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Le Feu Follet wrote:
I just came across an edition of Maborosi that I haven't found before. I have the New Yorker one and it's terrible.

Does anyone know anything about this edition, or what the quality of the transfer is like?

The only other subbed DVD currently available is the (excellent) Japanese release (currently $50 over at Yesasia, the cheaper Korean DVD is now O/P).

Historical note: The (undeniable) low quality of the New Yorker DVD was not New Yorker's fault, the Japanese rights holder wouldn't make anything better available at that time.


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 Post subject: Re: Maborosi
PostPosted: Mon Sep 26, 2011 7:16 pm 
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Michael Kerpan wrote:
The only other subbed DVD currently available is the (excellent) Japanese release (currently $50 over at Yesasia, the cheaper Korean DVD is now O/P).

Yes, I'm aware of the Japanese Bandai edition, and I know it's the one to have, but it is very expensive and although YesAsia.com don't say it's out of print, other sites, such as CDJapan, do say it's out of print, so I have my doubts.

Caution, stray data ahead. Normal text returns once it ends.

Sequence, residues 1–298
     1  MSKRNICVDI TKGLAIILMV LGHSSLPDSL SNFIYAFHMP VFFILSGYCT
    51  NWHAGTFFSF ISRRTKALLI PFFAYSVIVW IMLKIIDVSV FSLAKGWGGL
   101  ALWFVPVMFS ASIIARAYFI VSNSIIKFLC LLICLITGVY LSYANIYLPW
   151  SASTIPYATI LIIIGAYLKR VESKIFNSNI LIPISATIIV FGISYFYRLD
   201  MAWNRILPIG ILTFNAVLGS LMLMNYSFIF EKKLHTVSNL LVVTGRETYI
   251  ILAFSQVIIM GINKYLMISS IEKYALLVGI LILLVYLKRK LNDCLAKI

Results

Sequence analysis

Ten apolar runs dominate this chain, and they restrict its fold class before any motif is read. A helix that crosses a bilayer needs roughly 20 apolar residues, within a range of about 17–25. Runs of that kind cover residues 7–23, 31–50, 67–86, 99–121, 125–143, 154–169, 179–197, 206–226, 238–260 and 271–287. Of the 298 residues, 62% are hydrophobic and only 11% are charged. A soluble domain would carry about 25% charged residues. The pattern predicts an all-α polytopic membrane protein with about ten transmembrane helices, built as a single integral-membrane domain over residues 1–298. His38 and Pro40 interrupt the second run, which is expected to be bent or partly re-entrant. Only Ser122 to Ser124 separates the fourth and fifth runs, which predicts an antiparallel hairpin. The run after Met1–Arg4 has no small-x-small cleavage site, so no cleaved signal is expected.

I'm tempted to take a punt on the Trigon one, but it would be disappointing to end up with the transfer that I already have (New Yorker), but in different packaging!


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PostPosted: Mon Sep 26, 2011 8:54 pm 
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I very much doubt that the Trigon will be anything like the New Yorker DVD. New Yorker had to use a rather abused hard-subbed (I believe) exhibitiion print for its DVD. Since then, the film has been fully restored -- so I'm sure the Trigon DVD would be related (in some way) to the current Japanese materials.